Angie Azur is a YA Sci-fi Writer.
Writer for PALEO Magazine.
Former Intern at the Andrea Brown Literary Agency.
SCBWI & COWG Member.

Wednesday, May 21, 2014

Character's Hair: More than a style on the head

When I see someone for the first time I notice their hair. The color, style, length, whether it's pulled back in a tight bun, loose and flowing, braided down the middle or side, growing in tight dreadlocks, or cut short and spiked. 

Hairstyles are linked to culture, land and history. So when you are developing your characters take hair style into account.

Throughout history the way women styled their hair, the texture, sleekness and shine or lack there of, has been under scrutiny. 

There have been many jokes about a lack of intelligence for those with blond hair. People with red hair have been thought to be less hardy. Those with thick black, shiny hair are said to be healthy. Spiked short hair has been seen as hip, maybe even dangerous. Those with stripes of color in their hair are sometimes thought of as fun or punk rock-ish depending on who's judging.

People judge hairstyles in every culture. Think about how your readers will judge your character based on their hairstyle alone. If you want them to think your character is of the grunge culture, maybe give them dreadlocks. If you want a real housewife, she needs to have long, shiny, perfectly combed hair. 

Hair means different things to different cultures. Be sure to research your characters background when choosing a hairstyle. 

You should also think about the psychology of hair and your character. Your character may be a female with not much control in her life, so she cuts and dyes her hair many times a month. She has control over her hair.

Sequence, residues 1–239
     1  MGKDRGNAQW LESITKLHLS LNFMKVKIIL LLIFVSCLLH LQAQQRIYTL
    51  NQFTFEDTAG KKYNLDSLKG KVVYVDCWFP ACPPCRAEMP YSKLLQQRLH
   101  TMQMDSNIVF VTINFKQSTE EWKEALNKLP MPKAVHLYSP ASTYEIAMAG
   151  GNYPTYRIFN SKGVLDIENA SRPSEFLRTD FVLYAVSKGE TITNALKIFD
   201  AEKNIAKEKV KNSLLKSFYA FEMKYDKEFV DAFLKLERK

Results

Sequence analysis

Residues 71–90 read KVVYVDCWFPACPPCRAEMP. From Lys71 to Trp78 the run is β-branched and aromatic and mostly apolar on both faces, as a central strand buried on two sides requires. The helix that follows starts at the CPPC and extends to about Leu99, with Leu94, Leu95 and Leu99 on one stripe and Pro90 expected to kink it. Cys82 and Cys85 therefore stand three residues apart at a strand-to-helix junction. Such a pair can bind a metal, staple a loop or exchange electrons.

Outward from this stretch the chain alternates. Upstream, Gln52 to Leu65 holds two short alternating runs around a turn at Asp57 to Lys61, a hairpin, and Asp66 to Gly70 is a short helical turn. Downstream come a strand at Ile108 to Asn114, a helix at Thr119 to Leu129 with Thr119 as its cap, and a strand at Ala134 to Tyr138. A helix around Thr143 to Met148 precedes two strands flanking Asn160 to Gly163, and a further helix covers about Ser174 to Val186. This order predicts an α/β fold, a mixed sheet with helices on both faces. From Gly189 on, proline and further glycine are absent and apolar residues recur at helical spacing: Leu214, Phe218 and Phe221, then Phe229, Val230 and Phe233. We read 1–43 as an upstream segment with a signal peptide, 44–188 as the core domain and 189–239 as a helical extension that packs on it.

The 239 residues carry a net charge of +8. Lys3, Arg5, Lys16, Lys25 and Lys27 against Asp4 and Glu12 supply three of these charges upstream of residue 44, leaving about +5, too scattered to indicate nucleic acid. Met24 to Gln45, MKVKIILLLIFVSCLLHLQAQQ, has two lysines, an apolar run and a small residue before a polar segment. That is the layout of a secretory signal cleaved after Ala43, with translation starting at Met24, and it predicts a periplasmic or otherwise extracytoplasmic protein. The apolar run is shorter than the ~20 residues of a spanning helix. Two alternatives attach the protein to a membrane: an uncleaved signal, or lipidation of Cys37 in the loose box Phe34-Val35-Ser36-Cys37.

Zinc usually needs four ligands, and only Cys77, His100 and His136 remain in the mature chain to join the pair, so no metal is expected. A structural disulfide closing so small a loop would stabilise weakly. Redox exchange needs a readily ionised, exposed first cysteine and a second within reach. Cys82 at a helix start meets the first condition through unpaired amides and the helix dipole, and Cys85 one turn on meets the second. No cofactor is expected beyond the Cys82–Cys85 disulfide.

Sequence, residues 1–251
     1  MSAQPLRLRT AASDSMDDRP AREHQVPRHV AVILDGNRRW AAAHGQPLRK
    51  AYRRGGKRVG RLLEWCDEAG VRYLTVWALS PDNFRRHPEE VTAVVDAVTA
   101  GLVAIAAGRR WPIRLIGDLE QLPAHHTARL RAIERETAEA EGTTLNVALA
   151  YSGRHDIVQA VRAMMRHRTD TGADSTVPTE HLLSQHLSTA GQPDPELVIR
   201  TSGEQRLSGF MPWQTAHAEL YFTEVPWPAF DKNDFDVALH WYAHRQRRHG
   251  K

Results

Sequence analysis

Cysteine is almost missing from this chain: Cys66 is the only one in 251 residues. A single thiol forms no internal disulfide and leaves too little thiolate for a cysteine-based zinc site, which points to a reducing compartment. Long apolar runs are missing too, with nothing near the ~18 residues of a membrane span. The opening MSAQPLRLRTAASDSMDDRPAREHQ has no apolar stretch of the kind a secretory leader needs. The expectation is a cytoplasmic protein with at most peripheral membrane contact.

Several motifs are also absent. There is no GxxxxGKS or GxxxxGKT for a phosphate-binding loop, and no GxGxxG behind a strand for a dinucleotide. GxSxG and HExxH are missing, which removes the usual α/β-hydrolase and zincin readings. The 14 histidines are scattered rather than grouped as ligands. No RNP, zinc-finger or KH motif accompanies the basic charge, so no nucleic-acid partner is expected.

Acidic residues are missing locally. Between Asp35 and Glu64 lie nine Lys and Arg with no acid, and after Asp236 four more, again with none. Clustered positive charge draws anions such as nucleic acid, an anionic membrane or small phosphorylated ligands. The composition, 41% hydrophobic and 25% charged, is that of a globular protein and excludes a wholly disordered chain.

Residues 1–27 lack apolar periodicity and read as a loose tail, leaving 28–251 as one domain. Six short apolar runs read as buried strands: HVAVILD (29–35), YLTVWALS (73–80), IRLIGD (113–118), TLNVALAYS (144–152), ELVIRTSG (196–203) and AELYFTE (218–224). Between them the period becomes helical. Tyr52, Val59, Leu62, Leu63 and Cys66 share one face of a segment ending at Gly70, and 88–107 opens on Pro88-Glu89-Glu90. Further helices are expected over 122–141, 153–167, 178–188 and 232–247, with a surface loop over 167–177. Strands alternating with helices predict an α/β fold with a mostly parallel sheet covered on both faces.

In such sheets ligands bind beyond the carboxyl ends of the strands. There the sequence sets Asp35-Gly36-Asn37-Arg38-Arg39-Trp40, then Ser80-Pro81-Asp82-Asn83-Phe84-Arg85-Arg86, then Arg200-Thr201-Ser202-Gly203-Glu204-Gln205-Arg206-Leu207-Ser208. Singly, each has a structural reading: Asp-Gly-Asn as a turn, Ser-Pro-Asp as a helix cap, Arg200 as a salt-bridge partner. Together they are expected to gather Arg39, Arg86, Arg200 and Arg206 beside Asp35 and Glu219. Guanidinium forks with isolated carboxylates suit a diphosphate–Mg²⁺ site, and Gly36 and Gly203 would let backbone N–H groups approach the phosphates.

Your character might be stuck in a job where he has to wear a suit and must keep his hair short and neat, but desires to let it grow long. How does this affect his mind? His actions?

Why doesn't everyone do whatever they want with their hair? Why not dye it purple? Cut it at a fun angle? Let it grow to the ground or shave it off completely? Allow it to go grey? Think about these questions when you are describing your characters. 

I grew up with very long, almost white blond hair. I often was the butt of dumb blond jokes. That has molded the way I feel about my hair and about other blonds. 

When I started college I decided that I did not want to be seen as a joke. I wanted to be taken seriously, so I cut my hair short, and had low lights added so it was less blond. It worked.
Hair reveals secrets. You can guess a person's character by checking out their hair. But hair can also hide secrets. It may be a shield a person is using to not reveal themselves. 

Hair can be a clue as to where a person lives, their status, and their culture. I grew up on a small blueberry farm where hair didn't matter. My mom cut my hair and she rarely had a professional cut hers. My dad's hair was blond and often overgrown. It didn't matter. But when I moved to LA, hair was taken more seriously. There were stylists on every block and everyones' hair shined and every hair was in place. If you took a picture of the me at the farm and the me in LA you could tell by my hair which picture was done in which place.

So don't just throw hair on top of your character's heads. Hair is something to think about. Hair reveals rootedness, ties to culture, land and history and much more. Use it to your advantage and your characters will be more memorable. 


No comments:

Post a Comment